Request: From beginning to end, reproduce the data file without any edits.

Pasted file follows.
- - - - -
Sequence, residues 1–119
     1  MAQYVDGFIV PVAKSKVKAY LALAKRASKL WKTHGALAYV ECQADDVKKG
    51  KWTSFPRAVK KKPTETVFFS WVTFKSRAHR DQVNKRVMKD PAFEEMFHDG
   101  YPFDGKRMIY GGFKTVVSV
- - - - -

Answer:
Sequence, residues 1–119
     1  MAQYVDGFIV PVAKSKVKAY LALAKRASKL WKTHGALAYV ECQADDVKKG
    51  KWTSFPRAVK KKPTETVFFS WVTFKSRAHR DQVNKRVMKD PAFEEMFHDG
   101  YPFDGKRMIY GGFKTVVSV